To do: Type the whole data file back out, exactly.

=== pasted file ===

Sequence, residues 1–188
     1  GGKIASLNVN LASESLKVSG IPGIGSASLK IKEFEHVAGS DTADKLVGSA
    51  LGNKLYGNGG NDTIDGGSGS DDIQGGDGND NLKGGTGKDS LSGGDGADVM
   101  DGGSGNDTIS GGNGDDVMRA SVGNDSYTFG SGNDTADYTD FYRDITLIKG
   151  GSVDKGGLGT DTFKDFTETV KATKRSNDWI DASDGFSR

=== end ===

Sequence, residues 1–188
     1  GGKIASLNVN LASESLKVSG IPGIGSASLK IKEFEHVAGS DTADKLVGSA
    51  LGNKLYGNGG NDTIDGGSGS DDIQGGDGND NLKGGTGKDS LSGGDGADVM
   101  DGGSGNDTIS GGNGDDVMRA SVGNDSYTFG SGNDTADYTD FYRDITLIKG
   151  GSVDKGGLGT DTFKDFTETV KATKRSNDWI DASDGFSR